Opium of the Peephole: Spying, Slime-Sniffing and the Snowdenian Surveillance State, Norman Foreman (B.A.) — edgy interrogation of the unsettling parallels between state-sponsored surveillance and the Daily Meal


TransVisceral Books — for Readers who Relish the Rabid, Rancid and Reprehensibly Repulsive
TransVisceral BooksCore Counter-Culture… for Incendiary Individualists
TransVisceral BooksTotal Toxicity… (since 2005)…

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Edgelands by Paul Farley and Michael Symmons RobertsEdgelands: Journeys into England’s True Wilderness, Paul Farley and Michael Symmons Roberts (Chivers 2011)

Many people will open this book and think: Ballardian. I certainly thought that. But I also thought: Simplish. That’s an adjective for something reminiscent of the Telegraph columnist Peter Simple, who wrote about the “mysterious urban poetry” of litter-choked ponds and abandoned power-stations. So do Paul Farley and Michael Roberts. They write about literal poetry too, quoting Philip Larkin and Ted Hughes to illustrate their ideas about the places that exist on the edges of towns and cities, that service our civilization while being ignored, overlooked or despised: industrial estates, cooling towers, rubbish dumps, mines, reservoirs, sewage works, recycling plants, warehouses, self-storage depots, airports, conference centres, and so on.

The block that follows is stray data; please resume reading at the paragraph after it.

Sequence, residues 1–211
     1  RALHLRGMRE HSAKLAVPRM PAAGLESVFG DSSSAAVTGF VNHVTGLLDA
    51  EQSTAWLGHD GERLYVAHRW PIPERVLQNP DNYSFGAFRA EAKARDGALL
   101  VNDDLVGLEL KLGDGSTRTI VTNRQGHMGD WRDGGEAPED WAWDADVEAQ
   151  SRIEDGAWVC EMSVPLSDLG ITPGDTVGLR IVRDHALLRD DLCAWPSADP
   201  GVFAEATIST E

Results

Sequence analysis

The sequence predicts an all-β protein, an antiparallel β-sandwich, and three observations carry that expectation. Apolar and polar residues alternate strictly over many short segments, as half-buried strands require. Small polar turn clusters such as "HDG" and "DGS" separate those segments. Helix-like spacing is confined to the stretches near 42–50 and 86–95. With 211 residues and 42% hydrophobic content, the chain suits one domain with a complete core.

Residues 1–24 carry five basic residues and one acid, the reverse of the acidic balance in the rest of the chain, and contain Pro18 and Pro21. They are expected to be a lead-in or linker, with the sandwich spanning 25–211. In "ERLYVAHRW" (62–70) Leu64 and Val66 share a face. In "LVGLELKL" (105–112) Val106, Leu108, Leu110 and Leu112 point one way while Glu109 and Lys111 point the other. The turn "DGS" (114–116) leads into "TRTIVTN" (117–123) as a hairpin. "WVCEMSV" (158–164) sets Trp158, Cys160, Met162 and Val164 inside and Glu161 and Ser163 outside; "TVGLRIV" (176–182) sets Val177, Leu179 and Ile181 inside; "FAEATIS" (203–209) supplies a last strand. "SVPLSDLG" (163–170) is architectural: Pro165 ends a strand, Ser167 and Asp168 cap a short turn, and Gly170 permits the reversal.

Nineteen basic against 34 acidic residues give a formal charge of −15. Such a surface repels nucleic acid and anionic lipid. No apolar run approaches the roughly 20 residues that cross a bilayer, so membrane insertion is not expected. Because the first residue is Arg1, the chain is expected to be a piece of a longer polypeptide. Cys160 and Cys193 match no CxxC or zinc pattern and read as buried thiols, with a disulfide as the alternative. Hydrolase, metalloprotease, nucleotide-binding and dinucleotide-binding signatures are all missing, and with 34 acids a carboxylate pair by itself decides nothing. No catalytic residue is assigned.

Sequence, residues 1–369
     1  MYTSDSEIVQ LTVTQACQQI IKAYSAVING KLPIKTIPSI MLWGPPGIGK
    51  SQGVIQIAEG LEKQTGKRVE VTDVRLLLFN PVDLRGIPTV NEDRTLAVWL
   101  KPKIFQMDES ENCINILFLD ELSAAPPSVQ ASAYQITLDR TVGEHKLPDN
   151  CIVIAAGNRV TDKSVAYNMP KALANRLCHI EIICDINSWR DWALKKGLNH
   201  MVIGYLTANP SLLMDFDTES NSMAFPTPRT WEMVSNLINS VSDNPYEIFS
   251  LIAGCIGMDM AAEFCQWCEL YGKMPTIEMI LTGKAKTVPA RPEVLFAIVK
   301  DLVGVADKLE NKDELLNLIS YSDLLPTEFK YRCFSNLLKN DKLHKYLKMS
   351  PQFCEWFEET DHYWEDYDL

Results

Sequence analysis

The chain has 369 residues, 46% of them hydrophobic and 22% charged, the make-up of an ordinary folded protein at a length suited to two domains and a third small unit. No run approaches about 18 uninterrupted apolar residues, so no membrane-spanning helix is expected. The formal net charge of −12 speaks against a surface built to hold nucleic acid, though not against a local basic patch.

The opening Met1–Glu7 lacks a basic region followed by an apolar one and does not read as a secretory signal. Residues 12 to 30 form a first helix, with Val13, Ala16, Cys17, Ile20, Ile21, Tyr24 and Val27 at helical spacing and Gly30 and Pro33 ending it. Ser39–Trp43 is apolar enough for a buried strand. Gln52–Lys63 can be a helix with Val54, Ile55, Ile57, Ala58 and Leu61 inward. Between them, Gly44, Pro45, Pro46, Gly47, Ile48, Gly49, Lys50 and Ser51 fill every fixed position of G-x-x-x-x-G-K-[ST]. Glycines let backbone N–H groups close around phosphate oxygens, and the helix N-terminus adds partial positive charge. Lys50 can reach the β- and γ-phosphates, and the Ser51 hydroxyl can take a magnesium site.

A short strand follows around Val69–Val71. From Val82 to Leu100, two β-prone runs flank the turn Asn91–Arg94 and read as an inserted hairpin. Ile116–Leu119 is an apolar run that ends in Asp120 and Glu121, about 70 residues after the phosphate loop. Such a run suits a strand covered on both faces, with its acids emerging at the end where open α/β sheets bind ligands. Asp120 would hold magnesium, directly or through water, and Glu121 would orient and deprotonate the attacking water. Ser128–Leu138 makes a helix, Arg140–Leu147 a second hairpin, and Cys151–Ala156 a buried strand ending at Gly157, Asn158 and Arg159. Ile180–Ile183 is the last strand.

These are places that are often deserted by night or visited rarely by day, that sometimes shelter wild animals, birds and plants, preserve out-dated machinery and out-moded fashions, provide spaces for roaming children, inspire artists, poets and writers. J.G Ballard was one of those writers: Crash (1973) is a book about edgelands, both literal and psychological: airport hotels, mecho-fetishism. But Ballard was writing about edgelands from the beginning of his career, returning again and again to crumbling buildings and obsessive lives:

Outside his room, steps sounded along the corridor, then slowly climbed the stairway, pausing for a few seconds at every landing. Bridgman lowered the memo-tape in his hand, listening to the familiar tired footsteps. This was Louise Woodward, making her invariable evening ascent to the roof ten storeys above. Bridgman glanced at the timetable pinned to the wall. Only two of the satellites would be visible, between 12.25 and 12.35 a.m., at an elevation of 62 degrees in the south-west, passing through Cetus and Eridanus, neither of them containing her husband. Although the sighting was two hours away, she was already taking up her position, and would remain there until dawn. (“The Cage of Sand”, 1962)

So this from Edgelands is like one of Ballard’s short stories come to life: